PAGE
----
Once again we are sternly warned not to “fight the Fed,” as if the Fed had the financial equivalent of the Death Star (“You don’t know the power of the Dark Side!”). Once again, we are in an election year where the four-year cycle is supposed to “guarantee” an up year in stocks.

Or maybe 2012 is shaping up to reprise 2008, and the market will wake up to the fact that intervention doesn’t create collateral, it only creates the temporary illusion of collateral. 

In Part II: Why A Near-Term Market Rollover is Probable, we will look at key technical indicators that suggest the Fed’s Death Star may not be the ultimate financial weapon in the Universe after all. There is a growing series of global data that suggest the run-up in the equity markets has reached its peak, and that the economic sickness the central banks had hoped to "cure" with all of their money printing is metastasing. 

Click here to access Part II of this report (free executive summary; enrollment required for full access). 

 

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Wed, 04/11/2012 - 15:35 | 2335607 Sudden Debt
Sudden Debt's picture

Hey dude, i'm out of money but can you spare a brother a quick hopium fix?
I'll pay you back tomorrow!

Wed, 04/11/2012 - 15:49 | 2335669 BKbroiler
BKbroiler's picture

Are we heading for another 2008?

I hope so, grocieries and gold were cheaper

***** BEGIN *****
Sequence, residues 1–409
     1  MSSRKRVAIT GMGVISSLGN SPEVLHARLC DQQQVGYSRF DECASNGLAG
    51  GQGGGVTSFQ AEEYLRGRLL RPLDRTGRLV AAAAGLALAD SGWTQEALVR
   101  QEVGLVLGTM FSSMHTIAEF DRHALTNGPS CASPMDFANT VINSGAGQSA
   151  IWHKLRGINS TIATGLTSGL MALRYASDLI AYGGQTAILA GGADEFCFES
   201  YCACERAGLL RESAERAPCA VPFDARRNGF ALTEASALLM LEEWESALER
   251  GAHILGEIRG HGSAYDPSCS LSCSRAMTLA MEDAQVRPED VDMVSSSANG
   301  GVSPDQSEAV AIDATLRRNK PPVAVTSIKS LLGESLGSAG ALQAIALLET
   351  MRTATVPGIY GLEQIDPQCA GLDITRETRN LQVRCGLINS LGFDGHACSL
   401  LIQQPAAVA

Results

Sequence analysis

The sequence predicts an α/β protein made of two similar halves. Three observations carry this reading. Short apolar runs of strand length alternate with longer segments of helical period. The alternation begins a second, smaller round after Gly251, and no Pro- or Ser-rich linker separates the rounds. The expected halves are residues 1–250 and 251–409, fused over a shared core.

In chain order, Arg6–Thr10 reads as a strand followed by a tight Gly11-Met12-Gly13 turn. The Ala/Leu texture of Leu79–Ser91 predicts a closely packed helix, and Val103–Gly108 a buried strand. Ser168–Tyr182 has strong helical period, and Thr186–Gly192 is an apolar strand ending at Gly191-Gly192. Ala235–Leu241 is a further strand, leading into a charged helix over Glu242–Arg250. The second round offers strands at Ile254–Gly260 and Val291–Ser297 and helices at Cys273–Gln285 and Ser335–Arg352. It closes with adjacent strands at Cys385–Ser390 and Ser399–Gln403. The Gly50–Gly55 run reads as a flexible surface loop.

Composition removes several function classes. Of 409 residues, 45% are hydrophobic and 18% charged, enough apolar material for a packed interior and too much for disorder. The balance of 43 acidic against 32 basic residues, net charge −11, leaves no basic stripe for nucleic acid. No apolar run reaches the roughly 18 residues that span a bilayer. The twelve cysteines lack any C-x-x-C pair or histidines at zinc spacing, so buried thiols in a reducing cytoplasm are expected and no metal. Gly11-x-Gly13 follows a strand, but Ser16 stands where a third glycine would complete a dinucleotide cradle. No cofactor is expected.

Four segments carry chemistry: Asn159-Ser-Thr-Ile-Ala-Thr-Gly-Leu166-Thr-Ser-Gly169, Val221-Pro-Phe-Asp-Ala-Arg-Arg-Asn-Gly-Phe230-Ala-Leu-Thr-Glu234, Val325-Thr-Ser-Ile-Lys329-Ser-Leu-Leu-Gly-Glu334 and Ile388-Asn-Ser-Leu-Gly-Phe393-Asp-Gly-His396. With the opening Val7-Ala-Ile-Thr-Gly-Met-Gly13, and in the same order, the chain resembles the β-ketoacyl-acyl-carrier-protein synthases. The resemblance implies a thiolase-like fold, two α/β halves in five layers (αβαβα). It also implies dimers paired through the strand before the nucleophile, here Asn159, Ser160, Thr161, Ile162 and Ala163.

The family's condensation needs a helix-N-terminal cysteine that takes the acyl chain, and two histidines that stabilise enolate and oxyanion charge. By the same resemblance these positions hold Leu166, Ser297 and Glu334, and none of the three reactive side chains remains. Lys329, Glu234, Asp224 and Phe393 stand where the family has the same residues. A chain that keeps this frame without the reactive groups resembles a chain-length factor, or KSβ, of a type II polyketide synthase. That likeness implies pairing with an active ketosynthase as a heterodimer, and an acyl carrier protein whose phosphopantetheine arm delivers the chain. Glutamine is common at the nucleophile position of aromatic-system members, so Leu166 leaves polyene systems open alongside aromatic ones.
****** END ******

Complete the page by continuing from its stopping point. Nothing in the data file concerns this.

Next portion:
Wed, 04/11/2012 - 15:58 | 2335719 Pladizow
Pladizow's picture

One worrd summary: FRAUD!

Wed, 04/11/2012 - 16:39 | 2335860 The Big Ching-aso
The Big Ching-aso's picture

 

 

"Are We Heading For Another 2008?"

I hope so.   It wasn't as bad as 1929.

 

Wed, 04/11/2012 - 19:00 | 2336250 nope-1004
nope-1004's picture

Are we heading for another 2008?

I hope so, grocieries and gold were cheaper

The increase in the price of food staples and the recent fears of inflation are largely overstated.  Rising food prices in developing nations can be attributed to an increasing population and the people within those nations seeking more sophisticated diets.

 

- Benocide, spring 2011

 

LOL

Wed, 04/11/2012 - 20:46 | 2336531 dark pools of soros
dark pools of soros's picture

biggie size me ben

Wed, 04/11/2012 - 20:22 | 2336490 jplotinus
jplotinus's picture

The word FRAUD does not appear often enough in this thread, though pladizow's first mention of fraud is here noted with appreciation.

Wed, 04/11/2012 - 17:14 | 2335970 Sudden Debt
Sudden Debt's picture

http://www.youtube.com/watch?v=oV3KXYViUhs&sns=em